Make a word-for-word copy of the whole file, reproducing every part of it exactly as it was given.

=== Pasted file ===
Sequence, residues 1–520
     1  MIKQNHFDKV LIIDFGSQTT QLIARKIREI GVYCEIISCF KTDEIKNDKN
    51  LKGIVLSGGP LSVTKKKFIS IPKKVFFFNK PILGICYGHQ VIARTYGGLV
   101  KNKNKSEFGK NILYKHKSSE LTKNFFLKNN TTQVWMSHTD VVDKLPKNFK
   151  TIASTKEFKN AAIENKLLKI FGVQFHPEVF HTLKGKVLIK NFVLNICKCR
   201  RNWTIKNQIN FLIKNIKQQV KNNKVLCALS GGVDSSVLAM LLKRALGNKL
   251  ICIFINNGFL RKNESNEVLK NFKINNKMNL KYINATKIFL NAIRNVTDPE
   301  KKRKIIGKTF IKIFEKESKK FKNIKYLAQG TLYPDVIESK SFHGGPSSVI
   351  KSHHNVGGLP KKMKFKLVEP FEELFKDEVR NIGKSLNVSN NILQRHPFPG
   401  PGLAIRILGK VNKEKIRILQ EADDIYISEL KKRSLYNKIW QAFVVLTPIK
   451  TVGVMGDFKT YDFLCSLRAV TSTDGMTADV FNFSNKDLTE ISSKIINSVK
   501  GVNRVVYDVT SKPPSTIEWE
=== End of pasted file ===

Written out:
Sequence, residues 1–520
     1  MIKQNHFDKV LIIDFGSQTT QLIARKIREI GVYCEIISCF KTDEIKNDKN
    51  LKGIVLSGGP LSVTKKKFIS IPKKVFFFNK PILGICYGHQ VIARTYGGLV
   101  KNKNKSEFGK NILYKHKSSE LTKNFFLKNN TTQVWMSHTD VVDKLPKNFK
   151  TIASTKEFKN AAIENKLLKI FGVQFHPEVF HTLKGKVLIK NFVLNICKCR
   201  RNWTIKNQIN FLIKNIKQQV KNNKVLCALS GGVDSSVLAM LLKRALGNKL
   251  ICIFINNGFL RKNESNEVLK NFKINNKMNL KYINATKIFL NAIRNVTDPE
   301  KKRKIIGKTF IKIFEKESKK FKNIKYLAQG TLYPDVIESK SFHGGPSSVI
   351  KSHHNVGGLP KKMKFKLVEP FEELFKDEVR NIGKSLNVSN NILQRHPFPG
   401  PGLAIRILGK VNKEKIRILQ EADDIYISEL KKRSLYNKIW QAFVVLTPIK
   451  TVGVMGDFKT YDFLCSLRAV TSTDGMTADV FNFSNKDLTE ISSKIINSVK
   501  GVNRVVYDVT SKPPSTIEWE